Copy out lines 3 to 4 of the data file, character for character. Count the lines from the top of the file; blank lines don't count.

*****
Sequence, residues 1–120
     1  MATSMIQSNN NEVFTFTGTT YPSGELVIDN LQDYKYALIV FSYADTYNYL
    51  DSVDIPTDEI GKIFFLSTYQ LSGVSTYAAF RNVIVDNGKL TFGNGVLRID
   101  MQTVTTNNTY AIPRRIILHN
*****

    51  DSVDIPTDEI GKIFFLSTYQ LSGVSTYAAF RNVIVDNGKL TFGNGVLRID
   101  MQTVTTNNTY AIPRRIILHN